European judges have rejected an English newspaper’s attempt to liberalise internet libel law.
The Times lost its appeal in the European Court of Human Rights (ECHR) after being sued over two news reports alleging a Russian businessman was linked to money-laundering.
The reports were published in the paper’s print edition and simultaneously online.
The first libel writ arrived a few months after the initial publications – well within the usual 12-month limitation period applicable to libel claims. While that litigation was on-going, the paper kept internet versions of the reports available online, without amendment.
About 14 months after the initial publications, a second libel writ arrived in respect of the continuing online publications – i.e. outside the 12-month limitation period applicable to the print-edition reports.
After receiving the second writ, the paper added the following preface to its online articles: “This article is subject to High Court libel litigation between [Russian businessman] and Times Newspapers. It should not be reproduced or relied on without reference to Times Newspapers’ Legal Department.”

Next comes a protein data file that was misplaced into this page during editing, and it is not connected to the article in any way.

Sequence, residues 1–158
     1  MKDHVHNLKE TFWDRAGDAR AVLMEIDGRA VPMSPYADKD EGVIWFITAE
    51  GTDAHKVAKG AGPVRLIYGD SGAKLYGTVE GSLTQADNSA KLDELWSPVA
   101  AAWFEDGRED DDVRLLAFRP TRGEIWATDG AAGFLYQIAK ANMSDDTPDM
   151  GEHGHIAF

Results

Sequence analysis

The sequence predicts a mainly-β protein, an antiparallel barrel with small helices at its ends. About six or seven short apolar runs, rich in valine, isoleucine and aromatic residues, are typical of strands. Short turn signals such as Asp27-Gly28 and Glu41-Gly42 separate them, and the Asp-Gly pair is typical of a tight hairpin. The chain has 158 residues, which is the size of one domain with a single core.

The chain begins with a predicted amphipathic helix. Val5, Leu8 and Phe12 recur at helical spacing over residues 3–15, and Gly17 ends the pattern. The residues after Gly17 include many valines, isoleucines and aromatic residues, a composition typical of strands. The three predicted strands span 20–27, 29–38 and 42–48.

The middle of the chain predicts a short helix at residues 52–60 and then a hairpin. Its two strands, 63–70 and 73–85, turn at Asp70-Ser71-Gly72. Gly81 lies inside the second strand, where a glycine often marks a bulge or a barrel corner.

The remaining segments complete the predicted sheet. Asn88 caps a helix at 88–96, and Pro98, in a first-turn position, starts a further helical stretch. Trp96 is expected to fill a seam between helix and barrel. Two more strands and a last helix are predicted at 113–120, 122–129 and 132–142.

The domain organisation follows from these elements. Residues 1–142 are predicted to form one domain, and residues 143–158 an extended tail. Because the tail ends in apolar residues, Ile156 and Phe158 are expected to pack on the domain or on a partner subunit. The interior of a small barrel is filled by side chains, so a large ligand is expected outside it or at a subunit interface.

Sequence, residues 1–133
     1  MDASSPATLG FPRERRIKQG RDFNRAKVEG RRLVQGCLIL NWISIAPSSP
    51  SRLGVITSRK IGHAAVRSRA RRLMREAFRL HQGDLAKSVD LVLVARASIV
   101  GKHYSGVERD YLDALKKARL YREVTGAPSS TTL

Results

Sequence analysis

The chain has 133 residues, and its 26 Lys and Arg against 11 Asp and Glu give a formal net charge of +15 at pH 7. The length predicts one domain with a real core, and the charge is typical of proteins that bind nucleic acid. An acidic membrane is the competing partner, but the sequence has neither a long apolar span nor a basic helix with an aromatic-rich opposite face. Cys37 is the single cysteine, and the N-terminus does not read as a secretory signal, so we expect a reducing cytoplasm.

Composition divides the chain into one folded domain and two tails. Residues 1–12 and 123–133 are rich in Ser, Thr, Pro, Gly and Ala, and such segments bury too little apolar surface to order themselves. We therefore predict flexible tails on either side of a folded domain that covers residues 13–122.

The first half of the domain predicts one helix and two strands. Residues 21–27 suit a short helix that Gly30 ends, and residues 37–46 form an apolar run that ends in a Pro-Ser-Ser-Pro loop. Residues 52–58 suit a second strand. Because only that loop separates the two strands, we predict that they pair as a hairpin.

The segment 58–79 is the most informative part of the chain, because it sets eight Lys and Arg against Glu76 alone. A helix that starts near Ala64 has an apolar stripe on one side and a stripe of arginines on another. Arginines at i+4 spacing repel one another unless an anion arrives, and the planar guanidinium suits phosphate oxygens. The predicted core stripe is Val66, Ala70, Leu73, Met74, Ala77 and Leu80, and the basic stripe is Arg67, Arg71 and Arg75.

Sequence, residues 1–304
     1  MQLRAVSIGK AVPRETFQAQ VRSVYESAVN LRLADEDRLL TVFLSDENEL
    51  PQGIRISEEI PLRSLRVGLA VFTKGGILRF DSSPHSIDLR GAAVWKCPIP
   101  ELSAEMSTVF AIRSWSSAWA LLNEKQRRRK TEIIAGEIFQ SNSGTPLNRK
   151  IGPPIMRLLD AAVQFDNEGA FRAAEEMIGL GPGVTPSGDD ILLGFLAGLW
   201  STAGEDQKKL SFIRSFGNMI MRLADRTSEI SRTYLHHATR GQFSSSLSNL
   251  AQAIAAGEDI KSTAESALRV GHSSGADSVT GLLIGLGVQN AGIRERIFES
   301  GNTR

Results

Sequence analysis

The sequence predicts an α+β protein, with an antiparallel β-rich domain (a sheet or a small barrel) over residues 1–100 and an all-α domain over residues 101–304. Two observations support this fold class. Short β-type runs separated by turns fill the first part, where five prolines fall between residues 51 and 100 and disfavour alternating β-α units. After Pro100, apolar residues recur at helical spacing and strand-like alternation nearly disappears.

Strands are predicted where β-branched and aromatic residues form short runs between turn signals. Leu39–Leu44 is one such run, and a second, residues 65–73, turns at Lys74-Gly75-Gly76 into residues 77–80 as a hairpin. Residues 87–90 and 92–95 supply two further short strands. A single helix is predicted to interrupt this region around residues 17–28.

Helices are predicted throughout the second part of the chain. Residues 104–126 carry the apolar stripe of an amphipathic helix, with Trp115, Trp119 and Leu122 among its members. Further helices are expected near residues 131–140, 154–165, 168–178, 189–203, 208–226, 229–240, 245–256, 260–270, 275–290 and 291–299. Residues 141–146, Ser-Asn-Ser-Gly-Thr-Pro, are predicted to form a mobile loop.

In court, the paper tried to argue that as a matter of law the only actionable publication of a newspaper article on the internet is “that which occurs when the article is first posted on the internet”.
That’s known as the ‘single publication rule’. Since the case of Firth v State of New York (2002), it is the rule that has been adopted by courts in the USA.
The New York Court of Appeals observed that the ‘single publication rule’ was “cogent” when considered in connection with the exponential growth of the instantaneous, worldwide ability to communicate through the internet.
It added: “Thus a multiple publication rule would implicate an even greater potential for endless retriggering of the statute of limitations, multiplicity of suits and harassment of defendants. Inevitably, there would be a serious inhibitory effect on the open, pervasive dissemination of information and ideas over the internet which is, of course, its greatest beneficial promise.”
Duke of Brunswick
However, the English High Court rejected The Times’ ‘single publication’ argument, preferring to apply a 150-year-old legal rule from the case of Duke of Brunswick v Harmer (1849), in which the infamous facts were as follows.
In 1830, when the limitation period for libel was six years, an article was published in the Weekly Dispatch. The article defamed the Duke of Brunswick.
Seventeen years after publication, an agent of the Duke purchased a back copy of the article, and a second copy was obtained from the British Museum.
The delivery of a copy of the newspaper to the Duke’s agent was held to be a fresh publication which re-started the limitation clock, enabling the Duke to sue for libel many years after the original publication when the limitation period had long since expired.
Applying to online